Sixteen years after Nigeria returned to democratic rule, interethnic tensions appear to be deepening, marked by episodic incidents of violent conflict. These have taken place in both rural and urban locales (often between those considering themselves indigenes versus “settlers” who they consider as “outsiders) across the country. No urban area in Nigeria appears to be immune from ethnic tension and conflict, including Lagos, its economic hub. Since 1999, the Yoruba ethnic militia group, the Odua People’s Congress (OPC), has been at the forefront of the drive to ensure Yoruba people, as autochthons—that is, aboriginal inhabitants—of Lagos, control all local markets and other commercial spaces. The latest episode in interethnic conflict that flared up on March 2016, echoes earlier incidents between the Yoruba and Hausa in Idi-Araba in 2002, and well Mile 12 in November 1999. The earlier clashes can be termed as examples of “functional conflict,” as they were followed by a period of relatively peaceful coexistence.
The Mile 12 international market is located in the Ikosi-Isheri Local Council Development Area (LCDA) of Lagos state, in Southwest Nigeria. Traders come from different parts of the country and neighboring countries, but the Yoruba (from Southwest Nigeria) and the Hausa (from Northern Nigeria) are the dominant ethnic groups. The latest clash in the market was the spillover effect of a conflict in the Mile 12 neighborhood between “Area Boys” (street urchins), most of whom are Yoruba, and Okada operators (motorcycle taxis), most of whom are Hausa. The latter have increased in number with rising urban unemployment and the high influx of people displaced by the Boko Haram conflict in northeast Nigeria, who are drawn to Lagos by the profitability of “hustling” in the megacity.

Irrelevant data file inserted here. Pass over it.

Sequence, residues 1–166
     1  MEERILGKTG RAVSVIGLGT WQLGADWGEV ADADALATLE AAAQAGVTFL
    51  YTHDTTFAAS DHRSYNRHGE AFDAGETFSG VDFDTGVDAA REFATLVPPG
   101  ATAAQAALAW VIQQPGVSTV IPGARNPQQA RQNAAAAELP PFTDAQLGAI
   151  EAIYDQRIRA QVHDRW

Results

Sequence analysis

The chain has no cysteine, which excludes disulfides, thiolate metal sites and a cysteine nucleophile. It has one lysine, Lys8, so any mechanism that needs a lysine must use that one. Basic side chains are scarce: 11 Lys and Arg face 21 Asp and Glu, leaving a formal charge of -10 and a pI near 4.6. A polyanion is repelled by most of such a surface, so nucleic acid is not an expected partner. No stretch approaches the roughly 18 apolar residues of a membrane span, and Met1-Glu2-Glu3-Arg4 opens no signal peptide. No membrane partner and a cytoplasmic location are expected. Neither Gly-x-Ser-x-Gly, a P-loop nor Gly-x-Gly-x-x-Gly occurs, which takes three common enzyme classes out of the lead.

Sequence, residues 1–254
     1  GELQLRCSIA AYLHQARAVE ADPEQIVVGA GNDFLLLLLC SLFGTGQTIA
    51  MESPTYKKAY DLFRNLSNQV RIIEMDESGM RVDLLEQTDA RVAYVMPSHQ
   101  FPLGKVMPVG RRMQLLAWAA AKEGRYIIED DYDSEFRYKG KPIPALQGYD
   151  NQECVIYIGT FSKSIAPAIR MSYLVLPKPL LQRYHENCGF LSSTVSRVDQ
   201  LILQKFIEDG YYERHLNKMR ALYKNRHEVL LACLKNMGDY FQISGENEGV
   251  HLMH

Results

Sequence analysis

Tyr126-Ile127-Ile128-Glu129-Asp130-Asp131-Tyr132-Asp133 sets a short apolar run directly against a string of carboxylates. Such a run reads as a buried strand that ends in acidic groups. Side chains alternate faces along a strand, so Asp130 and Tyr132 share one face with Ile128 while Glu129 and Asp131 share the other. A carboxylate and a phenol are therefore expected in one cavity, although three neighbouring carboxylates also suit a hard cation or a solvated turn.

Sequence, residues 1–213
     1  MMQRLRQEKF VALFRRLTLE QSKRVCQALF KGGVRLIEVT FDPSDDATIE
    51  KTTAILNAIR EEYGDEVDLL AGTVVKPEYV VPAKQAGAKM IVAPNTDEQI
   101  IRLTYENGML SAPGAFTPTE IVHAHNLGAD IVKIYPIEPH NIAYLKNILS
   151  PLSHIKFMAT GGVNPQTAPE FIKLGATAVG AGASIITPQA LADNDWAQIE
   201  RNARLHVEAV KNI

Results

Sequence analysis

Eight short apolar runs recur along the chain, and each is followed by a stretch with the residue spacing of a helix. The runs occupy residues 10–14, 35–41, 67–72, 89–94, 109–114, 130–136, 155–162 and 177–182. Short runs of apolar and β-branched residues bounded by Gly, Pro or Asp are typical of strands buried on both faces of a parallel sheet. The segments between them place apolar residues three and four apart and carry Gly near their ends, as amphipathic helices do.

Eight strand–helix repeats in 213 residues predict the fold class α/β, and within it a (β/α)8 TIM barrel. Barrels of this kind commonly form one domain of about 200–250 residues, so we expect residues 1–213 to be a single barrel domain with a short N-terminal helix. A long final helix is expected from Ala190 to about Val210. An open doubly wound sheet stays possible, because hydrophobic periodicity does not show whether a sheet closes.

The incident reportedly began on Wednesday, March 2, when a Hausa Okada operator was attacked for hitting a pregnant Yoruba woman with his motorcycle while driving against the traffic and refusing to take the woman to the hospital for treatment. According to one account, the Okada operator, who neither spoke or understood the Yoruba nor English language, stabbed one of the people who wanted him to take responsibility for the treatment of the woman, which led to brawl. In apparent retaliation, however, the Hausa later attacked a Yoruba Okada operator who committed a similar offense. By that evening, the clash had degenerated and spread, as the Area Boys –Yoruba, allegedly attacked Hausa residents and traders in the Mile 12 market. By Thursday morning, the conflict escalated as the Hausa mobilized to avenge the death of their kinsmen, but the Yoruba pushed them back. The situation was defused when the police and some soldiers arrived at the scene.
It is important to note that the latest episode of violence at the Mile 12 market was precipitated by “outsiders”—or Area Boys, that is, non-actors within the market. The involvement of such outsiders in conflicts between the Hausa and Yoruba in Mile 12 dates back to the 1999 episode, when members of the OPC were allegedly mobilized to fight on the side of the Yoruba. The 2016 episode however involved Okada operators and Area Boys from the two ethnic groups. Another source of concern in the conflict was the alleged partisanship demonstrated by the security forces deployed to stop the violence, maintain order and restore normalcy to the market.
The duration of peaceful coexistence sustained in the market itself by the two main ethnic nationalities since 1999 indicates their peacemaking ingenuity and capacity to sustain peaceful co-existence. However, the relapse into another episode of conflict in Mile 12 is a cause for concern.
Apart from drawing attention to seething subterranean tensions linked to citizenship claims, and the fragility of peace in ethnically diverse urban settings, the latest conflict points to the susceptibility of communities to the actions of angry marginalized street boys in African cities. Therefore, actions and policies aimed at promoting peaceful co-existence and tolerance need to be socially inclusive, economically empowering and inclusive of vulnerable groups in urban settings.

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